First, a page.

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Mayoral candidates spar over who can get the lead out

The fight to get the lead out of Buffalo homes is on again -- this time amid the fight to also see who will be in charge of the effort as mayor for the next four years.

Candidate and city Comptroller Mark J. F. Schroeder revived the issue this week by laying out a plan to change the way the city tests for lead. If elected, he would hire certified lead inspectors and/or get the city’s building inspectors trained and certified as lead inspectors in order to supplement the testing that Erie County currently does in homes.

Schroeder said he would seek federal and state grants to pay for the training and certification, and look into using savings generated by efficiencies in various departments, such as by reducing overtime costs.

“First step is to get training. If we need to hire more inspectors, it’s certainly an option,” Schroeder said.

But the administration of Mayor Byron W. Brown says there are two problems with Schroeder's plan: It would require state legislation, and it would duplicate services already provided by Erie County.

The city currently is working with the county on lead abatement.  Since the spring, when Buffalo inspectors notice chipping paint or other indications of possible lead exposure, they have been writing citations which are forwarded to the county, which then tests the property.

The city also has been contracting with an environmental services company to do lead assessments on individual properties after getting referrals from the county or from individuals who request testing. Since last year, there have been 91 such assessments, administration officials said.

But Schroeder sees no problems in "supplementing what the county already does."

"The City of Rochester can inspect homes and doesn’t rely totally on (Monroe) county,” he said.

For its part, the county Health Department doesn't want to get in the middle of the fight, issuing a statement saying that while it  "does not comment on issues related to political campaigns," it is always open to new collaborations to fight lead poisoning.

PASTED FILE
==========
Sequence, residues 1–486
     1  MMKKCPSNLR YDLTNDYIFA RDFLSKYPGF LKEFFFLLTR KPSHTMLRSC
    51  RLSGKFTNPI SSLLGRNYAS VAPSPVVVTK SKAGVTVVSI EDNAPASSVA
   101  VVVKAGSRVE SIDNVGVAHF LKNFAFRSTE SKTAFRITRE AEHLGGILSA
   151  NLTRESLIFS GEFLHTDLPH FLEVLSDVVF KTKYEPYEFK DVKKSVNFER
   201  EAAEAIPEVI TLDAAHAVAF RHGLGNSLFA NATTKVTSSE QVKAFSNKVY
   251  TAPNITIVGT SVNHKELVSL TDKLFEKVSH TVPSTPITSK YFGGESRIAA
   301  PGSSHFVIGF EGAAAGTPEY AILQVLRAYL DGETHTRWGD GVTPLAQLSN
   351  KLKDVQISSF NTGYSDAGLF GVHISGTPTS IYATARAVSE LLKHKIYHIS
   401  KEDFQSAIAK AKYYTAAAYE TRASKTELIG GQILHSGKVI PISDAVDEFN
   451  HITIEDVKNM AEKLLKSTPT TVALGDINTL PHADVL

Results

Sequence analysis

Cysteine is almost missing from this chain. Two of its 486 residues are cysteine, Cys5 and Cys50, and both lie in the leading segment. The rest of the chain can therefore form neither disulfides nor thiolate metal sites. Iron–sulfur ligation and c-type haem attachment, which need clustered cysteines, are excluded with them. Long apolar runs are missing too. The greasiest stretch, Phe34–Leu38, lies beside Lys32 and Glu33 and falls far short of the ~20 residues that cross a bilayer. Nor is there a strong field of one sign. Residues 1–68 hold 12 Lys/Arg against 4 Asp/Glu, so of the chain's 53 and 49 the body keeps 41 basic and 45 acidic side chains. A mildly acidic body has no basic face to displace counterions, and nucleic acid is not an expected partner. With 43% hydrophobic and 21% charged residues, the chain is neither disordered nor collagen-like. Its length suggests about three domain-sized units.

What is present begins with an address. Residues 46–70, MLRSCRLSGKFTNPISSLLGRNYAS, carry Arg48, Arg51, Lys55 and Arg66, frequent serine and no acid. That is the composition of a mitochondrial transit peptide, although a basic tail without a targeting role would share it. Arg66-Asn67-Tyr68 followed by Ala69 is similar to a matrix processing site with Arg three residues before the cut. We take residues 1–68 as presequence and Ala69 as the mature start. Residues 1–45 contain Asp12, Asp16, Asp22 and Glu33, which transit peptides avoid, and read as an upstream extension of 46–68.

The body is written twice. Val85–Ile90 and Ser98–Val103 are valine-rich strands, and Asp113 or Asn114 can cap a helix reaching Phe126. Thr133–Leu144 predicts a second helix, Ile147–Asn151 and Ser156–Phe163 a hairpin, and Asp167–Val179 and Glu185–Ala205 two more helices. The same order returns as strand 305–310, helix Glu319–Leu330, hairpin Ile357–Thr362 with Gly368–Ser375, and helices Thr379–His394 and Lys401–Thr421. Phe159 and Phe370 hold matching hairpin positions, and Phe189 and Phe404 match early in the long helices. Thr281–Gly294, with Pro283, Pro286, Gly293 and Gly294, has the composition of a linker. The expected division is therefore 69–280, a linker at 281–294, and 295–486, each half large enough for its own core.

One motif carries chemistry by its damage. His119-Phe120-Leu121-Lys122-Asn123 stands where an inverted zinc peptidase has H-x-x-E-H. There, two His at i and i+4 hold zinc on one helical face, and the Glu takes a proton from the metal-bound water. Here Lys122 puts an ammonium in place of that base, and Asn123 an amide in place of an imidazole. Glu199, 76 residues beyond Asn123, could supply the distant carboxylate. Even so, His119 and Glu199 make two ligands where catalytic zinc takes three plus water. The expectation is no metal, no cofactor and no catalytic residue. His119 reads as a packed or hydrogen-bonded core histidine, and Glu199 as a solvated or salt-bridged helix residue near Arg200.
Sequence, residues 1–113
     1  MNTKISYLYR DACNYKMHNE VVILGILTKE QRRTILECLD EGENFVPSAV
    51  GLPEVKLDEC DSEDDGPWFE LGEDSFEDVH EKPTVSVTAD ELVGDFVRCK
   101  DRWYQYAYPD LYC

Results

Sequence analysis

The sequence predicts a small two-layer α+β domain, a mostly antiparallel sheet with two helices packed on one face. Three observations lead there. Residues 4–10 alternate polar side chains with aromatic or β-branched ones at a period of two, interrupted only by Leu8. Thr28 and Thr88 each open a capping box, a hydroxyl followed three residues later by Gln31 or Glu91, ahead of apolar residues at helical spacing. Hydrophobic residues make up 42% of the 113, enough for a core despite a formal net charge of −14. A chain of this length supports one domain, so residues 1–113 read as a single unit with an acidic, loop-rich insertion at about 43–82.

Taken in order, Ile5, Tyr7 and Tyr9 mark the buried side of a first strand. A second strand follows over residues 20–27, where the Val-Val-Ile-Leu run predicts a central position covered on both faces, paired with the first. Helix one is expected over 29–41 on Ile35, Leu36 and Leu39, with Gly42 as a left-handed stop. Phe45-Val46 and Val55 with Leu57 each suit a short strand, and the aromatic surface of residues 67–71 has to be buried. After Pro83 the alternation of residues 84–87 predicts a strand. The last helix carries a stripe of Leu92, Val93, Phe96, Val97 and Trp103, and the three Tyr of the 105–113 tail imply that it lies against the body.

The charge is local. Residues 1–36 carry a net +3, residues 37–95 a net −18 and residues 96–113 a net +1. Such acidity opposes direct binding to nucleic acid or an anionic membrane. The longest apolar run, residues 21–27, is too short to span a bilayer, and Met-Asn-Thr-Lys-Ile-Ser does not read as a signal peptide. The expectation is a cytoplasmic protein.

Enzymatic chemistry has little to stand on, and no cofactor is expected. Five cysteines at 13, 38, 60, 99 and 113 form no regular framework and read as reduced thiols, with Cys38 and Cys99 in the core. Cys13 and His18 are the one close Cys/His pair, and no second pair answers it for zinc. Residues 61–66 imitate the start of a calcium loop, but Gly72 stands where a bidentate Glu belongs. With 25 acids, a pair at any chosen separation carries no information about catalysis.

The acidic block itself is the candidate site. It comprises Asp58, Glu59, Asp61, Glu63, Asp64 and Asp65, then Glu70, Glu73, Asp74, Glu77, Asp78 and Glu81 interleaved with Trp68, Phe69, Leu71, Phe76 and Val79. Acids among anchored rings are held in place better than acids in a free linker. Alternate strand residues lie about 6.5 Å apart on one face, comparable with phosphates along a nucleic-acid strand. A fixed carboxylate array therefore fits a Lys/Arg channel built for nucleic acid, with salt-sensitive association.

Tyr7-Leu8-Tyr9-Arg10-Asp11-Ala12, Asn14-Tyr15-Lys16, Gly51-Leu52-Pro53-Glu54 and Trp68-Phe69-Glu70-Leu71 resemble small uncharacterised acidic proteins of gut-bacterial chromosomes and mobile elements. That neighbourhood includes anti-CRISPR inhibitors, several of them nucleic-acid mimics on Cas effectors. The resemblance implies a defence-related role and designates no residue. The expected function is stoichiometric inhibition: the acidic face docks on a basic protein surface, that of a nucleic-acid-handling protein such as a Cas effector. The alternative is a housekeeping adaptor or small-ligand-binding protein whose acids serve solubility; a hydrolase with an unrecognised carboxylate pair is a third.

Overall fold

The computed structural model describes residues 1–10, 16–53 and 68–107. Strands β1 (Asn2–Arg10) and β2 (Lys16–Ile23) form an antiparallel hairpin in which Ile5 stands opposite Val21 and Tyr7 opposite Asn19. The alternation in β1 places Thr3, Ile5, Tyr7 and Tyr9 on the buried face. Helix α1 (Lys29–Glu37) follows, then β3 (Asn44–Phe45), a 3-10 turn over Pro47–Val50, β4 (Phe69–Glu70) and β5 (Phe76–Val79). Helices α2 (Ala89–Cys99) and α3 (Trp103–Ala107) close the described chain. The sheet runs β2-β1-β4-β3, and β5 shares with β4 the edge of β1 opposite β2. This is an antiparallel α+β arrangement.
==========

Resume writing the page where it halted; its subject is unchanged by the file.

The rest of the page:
The rhetorical war comes as kids under 5 in Buffalo, because of the city's old housing stock, suffer from some of the highest rates of lead poisoning in upstate New York.  Federal Centers for Disease Control and Prevention data show Erie County with a 14 percent rate of lead poisoning, compared with 8.6 percent in Monroe County. And the Erie County ZIP codes with the highest levels of lead are predominantly in Buffalo: 14201, 14207, 14208, 14209, 14210, 14211, 14212, 14213 and 14215.

Young children often put lead paint chips and dust particles in their  mouths, leading to lead poisoning that can cause neurological damage and behavioral disorders. Lead affects the developing brain in children and is associated with lower IQ and poor social performance, prompting governments to undertake widespread abatement programs.

Rochester’s Lead-Based Paint Poisoning Prevention Ordinance was implemented in 2006, and requires inspections for lead paint hazards as an extension of the city’s other inspection processes, such as when issuing certificates of occupancy.

Schroeder wants Buffalo to be similarly aggressive.

“According to the numbers, lead poisoning is obviously a problem in (Buffalo),  and it’s time the city took” more responsibility, Schroeder said.  “It’s time to fix it rather than waiting for the county to do it.”

As mayor, he also would:

  • Test every rental unit for lead paint - inside and out - and  work on legislation to enable the inspections;
  • Launch a public relations campaign to raise awareness about lead poisoning by using the city’s cable access channels, posting on the city’s web site, using social media, going to community meetings and going door-to-door to get the word out; and
  • Work with the Buffalo Public Schools to “eradicate any risk of lead from our schools.”

“ You can’t just put a flyer in a water bill and call it a day,” said Schroeder, referring to one of the initiatives of the Brown administration.

But the city says it already  has done some of what Schroeder proposes. The Brown administration has posted information on the city’s website and on social media, distributed fliers door-to-door and placed fliers in user fee bills. The city also has coordinated with Buffalo Public Schools to disseminate information.

The city also established a “Lead Line” in July 2016 for residents to call 311 to report suspected lead hazards, and has received 55 calls so far.

In April 2016, the Common Council also purchased thousands of lead testing kits to distribute to residents.

“We did the testing kits,” said Council President Darius G. Pridgen. “The city provided them to residents. Some Council members took it to their districts and community centers, and people requested them.”

"But any efforts to reduce lead poisoning and exposure is great," he said.




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